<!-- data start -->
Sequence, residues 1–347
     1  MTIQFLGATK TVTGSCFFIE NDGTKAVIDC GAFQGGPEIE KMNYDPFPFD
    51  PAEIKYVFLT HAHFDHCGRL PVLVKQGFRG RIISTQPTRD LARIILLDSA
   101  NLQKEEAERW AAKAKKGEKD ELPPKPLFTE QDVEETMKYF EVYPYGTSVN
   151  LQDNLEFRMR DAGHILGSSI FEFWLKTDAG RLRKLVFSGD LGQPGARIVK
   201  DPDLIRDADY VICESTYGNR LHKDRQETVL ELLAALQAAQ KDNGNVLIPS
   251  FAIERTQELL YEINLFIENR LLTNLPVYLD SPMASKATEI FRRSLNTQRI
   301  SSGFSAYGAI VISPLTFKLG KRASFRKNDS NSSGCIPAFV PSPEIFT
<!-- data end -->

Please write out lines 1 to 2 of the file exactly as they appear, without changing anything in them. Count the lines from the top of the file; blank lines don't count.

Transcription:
Sequence, residues 1–347
     1  MTIQFLGATK TVTGSCFFIE NDGTKAVIDC GAFQGGPEIE KMNYDPFPFD